Completion of the new baseball stadium in 2004 led to redevelopment of much of the neighborhood, but it still retains something of its gritty character . . . and amidst all the new construction you occasionally find an older building that has survived.  This pair of structures located a stone's throw away from the intersection of 9th Avenue and E Street sits between two 21st-century apartment buildings.

The downtown branch of the U.S. Post Office, which spans E Street between 8th and 9th Avenues and is directly across the street from the Central Library branch of the San Diego Public Library, is another legacy.  It was built by the Works Progress Administration (WPA) and opened in 1937.  I'm a sucker for Art Deco architecture, and I regret that I couldn't get a better picture of it; I simply wasn't up to standing in the middle of 8th Avenue or crossing 8th Avenue and dealing with the scary-looking guy who kept glowering at me as I took pictures.

The building features nine glazed terra-cotta panels that depict "The Transportation of the Mail." They were designed by Los Angeles sculptor Archibald Garner, who won a U.S. Department of the Treasury competition to create the facility's artwork and are tied together by a line of text:  "Through science and the toil of patient men thought traverses land and air and sea."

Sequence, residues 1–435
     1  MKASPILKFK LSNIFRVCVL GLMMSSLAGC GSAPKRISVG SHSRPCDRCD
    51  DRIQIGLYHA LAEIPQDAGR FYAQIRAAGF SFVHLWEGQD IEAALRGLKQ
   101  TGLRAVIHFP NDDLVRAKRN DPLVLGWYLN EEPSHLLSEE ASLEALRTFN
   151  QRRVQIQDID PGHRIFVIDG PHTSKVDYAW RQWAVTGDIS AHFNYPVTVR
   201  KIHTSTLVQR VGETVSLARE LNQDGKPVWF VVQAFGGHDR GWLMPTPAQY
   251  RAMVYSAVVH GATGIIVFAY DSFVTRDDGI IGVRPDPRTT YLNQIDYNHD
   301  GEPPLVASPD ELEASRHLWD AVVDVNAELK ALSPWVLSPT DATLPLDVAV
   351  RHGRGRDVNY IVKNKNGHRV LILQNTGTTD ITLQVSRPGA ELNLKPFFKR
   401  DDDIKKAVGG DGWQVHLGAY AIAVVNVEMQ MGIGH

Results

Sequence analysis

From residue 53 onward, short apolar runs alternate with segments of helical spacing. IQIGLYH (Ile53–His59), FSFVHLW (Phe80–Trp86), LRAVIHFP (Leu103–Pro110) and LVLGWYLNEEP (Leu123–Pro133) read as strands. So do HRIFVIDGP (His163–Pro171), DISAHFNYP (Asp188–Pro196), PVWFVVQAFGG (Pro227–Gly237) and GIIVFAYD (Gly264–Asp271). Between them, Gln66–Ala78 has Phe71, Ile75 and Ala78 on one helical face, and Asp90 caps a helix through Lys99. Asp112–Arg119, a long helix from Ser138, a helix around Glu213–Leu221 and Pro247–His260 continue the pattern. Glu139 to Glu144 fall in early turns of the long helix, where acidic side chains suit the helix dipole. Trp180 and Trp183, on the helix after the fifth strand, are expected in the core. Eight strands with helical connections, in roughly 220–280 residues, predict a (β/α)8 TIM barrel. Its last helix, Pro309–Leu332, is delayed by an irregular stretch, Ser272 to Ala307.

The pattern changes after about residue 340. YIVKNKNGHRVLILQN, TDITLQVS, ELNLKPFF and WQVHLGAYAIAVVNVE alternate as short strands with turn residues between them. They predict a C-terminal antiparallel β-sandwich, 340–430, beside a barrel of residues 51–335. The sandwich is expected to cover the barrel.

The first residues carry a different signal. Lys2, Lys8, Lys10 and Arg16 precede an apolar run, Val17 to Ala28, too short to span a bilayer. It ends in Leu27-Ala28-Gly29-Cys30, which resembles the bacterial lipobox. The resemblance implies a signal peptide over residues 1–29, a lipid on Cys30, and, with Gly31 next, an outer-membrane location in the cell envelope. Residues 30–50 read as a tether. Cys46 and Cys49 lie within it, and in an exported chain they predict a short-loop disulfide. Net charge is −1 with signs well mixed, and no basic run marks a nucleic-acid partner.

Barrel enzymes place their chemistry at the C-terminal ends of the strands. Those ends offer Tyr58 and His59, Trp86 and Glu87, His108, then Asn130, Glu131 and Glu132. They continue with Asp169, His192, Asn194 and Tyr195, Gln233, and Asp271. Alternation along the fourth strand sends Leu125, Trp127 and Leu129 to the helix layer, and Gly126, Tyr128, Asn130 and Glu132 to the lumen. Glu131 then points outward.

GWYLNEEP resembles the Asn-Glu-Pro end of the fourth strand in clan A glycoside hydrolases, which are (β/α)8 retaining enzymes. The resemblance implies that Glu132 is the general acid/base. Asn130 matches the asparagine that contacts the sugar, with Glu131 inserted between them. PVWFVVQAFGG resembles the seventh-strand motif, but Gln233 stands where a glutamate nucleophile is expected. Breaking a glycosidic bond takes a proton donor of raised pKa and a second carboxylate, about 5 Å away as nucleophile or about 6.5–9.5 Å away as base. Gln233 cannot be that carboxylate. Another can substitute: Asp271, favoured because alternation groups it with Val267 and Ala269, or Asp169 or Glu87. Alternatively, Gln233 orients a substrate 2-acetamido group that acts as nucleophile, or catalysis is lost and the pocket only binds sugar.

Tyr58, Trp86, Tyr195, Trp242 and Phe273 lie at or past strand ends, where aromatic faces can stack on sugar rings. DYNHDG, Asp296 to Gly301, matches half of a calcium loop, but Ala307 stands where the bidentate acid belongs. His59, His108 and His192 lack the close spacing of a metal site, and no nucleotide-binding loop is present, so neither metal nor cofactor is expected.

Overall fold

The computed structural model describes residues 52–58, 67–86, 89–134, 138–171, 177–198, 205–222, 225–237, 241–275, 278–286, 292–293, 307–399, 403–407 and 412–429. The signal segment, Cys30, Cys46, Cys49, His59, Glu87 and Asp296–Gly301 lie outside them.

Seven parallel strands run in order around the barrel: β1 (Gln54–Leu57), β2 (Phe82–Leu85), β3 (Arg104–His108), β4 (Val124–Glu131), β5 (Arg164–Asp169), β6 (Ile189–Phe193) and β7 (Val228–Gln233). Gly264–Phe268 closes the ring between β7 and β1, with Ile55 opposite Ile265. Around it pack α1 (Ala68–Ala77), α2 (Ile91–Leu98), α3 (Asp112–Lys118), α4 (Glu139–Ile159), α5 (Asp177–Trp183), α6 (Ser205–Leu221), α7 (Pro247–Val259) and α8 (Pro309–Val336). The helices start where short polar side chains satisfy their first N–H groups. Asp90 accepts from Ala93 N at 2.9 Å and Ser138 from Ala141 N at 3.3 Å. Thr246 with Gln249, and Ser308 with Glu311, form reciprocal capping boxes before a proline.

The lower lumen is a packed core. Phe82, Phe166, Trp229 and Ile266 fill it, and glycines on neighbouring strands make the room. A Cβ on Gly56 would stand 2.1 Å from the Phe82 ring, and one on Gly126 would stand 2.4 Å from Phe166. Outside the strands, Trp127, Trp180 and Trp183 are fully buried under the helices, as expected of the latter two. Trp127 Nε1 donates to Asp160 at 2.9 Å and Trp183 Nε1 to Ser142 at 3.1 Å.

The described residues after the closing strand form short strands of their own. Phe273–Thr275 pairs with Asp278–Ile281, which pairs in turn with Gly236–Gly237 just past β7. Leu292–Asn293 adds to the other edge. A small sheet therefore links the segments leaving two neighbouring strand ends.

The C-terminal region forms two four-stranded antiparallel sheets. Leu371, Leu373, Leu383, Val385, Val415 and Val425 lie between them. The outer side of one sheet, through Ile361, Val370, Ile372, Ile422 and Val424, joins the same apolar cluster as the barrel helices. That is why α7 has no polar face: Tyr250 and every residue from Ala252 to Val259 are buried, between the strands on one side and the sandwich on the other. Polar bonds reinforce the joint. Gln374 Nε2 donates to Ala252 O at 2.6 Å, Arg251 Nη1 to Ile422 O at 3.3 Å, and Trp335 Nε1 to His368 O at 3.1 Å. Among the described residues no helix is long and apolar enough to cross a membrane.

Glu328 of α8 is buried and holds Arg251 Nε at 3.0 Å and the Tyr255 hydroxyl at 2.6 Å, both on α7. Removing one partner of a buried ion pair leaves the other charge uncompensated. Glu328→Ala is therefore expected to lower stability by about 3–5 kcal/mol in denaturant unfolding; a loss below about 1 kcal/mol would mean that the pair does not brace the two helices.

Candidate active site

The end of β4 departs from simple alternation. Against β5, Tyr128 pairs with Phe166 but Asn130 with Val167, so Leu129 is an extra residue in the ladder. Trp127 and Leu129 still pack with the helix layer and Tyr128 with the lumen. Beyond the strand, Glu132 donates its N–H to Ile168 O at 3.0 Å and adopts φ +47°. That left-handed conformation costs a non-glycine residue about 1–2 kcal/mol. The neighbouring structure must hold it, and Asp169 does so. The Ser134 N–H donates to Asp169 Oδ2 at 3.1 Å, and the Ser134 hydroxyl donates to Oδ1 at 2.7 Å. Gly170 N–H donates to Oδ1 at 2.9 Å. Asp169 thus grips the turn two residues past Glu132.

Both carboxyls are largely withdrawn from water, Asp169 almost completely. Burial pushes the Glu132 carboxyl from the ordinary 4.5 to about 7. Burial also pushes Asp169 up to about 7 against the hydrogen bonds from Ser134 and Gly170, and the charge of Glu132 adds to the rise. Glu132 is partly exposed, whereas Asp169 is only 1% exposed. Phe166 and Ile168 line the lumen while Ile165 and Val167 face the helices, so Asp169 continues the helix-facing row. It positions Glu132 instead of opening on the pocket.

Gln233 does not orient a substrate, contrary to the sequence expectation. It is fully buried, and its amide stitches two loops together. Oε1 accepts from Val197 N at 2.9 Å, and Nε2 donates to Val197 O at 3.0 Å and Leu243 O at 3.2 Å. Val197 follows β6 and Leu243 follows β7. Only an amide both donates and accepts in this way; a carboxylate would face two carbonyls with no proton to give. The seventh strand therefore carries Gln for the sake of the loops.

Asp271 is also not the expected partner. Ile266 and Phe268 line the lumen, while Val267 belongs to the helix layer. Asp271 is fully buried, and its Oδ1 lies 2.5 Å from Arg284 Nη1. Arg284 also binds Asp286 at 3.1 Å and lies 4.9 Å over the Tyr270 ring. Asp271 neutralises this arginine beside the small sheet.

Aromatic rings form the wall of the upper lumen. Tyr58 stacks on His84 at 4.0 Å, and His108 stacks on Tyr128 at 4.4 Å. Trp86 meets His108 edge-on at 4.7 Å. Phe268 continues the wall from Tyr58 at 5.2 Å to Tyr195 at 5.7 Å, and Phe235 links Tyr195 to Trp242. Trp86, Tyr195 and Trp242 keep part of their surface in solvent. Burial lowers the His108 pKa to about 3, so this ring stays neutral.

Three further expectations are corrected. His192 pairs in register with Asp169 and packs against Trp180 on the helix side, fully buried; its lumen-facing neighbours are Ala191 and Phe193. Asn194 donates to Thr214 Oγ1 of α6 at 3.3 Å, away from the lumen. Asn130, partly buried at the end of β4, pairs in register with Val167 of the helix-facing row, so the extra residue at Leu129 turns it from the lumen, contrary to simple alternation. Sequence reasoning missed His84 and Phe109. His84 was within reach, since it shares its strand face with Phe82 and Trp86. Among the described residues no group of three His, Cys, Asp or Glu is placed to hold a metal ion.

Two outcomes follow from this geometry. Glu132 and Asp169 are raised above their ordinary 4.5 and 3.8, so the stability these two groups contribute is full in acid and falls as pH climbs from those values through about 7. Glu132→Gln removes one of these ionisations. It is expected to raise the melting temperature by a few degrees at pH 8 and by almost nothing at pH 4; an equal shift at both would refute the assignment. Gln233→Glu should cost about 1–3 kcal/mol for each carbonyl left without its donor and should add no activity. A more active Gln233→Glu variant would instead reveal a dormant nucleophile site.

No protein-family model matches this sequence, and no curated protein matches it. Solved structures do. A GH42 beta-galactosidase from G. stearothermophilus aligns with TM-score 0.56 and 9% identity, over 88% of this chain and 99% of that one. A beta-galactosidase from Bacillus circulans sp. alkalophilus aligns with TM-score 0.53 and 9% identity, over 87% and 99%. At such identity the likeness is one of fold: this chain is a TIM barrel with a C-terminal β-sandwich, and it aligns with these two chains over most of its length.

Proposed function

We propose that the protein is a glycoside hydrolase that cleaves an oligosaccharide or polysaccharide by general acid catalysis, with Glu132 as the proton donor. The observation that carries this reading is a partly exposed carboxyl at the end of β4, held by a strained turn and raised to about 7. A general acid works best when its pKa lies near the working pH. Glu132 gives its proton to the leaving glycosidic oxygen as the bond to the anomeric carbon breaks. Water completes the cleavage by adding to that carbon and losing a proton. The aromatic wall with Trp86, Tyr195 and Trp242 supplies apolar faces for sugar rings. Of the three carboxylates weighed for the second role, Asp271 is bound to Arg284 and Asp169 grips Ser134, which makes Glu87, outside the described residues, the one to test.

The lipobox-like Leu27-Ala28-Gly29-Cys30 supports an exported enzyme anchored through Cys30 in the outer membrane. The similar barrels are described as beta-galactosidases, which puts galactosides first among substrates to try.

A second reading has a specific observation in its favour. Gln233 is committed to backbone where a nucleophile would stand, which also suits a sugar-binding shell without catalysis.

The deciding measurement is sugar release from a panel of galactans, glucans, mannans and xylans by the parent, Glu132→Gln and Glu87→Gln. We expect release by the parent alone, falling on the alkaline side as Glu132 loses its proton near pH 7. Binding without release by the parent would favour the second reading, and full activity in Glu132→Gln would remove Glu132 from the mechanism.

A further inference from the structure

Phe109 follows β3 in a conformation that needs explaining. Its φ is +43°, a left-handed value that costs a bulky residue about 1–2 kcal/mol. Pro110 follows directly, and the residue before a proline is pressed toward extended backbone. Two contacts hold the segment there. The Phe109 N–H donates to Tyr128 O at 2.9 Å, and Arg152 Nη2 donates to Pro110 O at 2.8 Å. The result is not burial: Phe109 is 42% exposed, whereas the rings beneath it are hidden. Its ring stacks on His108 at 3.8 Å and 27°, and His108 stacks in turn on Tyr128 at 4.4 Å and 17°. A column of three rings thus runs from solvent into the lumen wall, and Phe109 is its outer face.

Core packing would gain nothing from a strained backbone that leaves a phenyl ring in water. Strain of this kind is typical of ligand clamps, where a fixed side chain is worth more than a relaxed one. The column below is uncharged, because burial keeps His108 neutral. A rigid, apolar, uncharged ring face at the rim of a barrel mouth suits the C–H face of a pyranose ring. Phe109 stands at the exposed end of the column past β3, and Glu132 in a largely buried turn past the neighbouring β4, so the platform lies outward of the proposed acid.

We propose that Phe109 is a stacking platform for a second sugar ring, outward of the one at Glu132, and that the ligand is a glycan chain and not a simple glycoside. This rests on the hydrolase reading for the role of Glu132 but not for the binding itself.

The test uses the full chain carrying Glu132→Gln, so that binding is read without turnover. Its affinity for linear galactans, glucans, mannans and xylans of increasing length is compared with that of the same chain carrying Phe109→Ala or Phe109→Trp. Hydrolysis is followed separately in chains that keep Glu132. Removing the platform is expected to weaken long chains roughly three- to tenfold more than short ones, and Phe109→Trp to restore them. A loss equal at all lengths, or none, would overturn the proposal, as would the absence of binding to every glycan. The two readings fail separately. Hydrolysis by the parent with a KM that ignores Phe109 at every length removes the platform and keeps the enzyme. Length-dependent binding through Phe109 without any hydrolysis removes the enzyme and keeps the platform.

I'm particularly fond of the reliefs depicting air mail service . . .

. . . and marine transit of the mail.

Unlike many WPA-built Post Office facilities, the interior of San Diego's downtown Post Office doesn't feature any painted murals.  However, San Diego abounds in murals.  This mural decorates the 8th Avenue exterior of the restaurant Pokéz, which sits at the intersection of E Street and 8th Avenue.

And this mural depicting a group of musicians is located on a building just across 8th Avenue from Pokéz.

I headed back to the hotel to catch up on some work-related e-mail, attend the 2013 Program Committee meeting (yep, I'm helping to shape next year's annual meeting program), and meet with a Canadian colleague, and then I headed off to what for me is always an SAA highlight:  the meeting of the Lesbian and Gay Archives Roundtable (LAGAR).  LAGAR, which exists to promote archival documentation of LGBT people and communities and the interests of LGBT archivists, is one of SAA's most energetic and good-natured groups, and I always leave LAGAR meeting wishing that I could spend more time in the company of my fellow LAGAR members.